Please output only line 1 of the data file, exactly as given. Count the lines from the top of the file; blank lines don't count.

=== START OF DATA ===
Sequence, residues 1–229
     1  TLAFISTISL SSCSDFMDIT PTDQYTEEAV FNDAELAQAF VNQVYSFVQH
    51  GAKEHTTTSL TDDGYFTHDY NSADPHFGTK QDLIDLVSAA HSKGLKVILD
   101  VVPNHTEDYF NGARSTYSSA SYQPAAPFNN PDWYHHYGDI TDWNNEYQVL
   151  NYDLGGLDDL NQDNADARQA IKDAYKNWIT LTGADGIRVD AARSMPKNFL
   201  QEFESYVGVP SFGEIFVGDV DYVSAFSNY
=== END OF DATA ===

Sequence, residues 1–229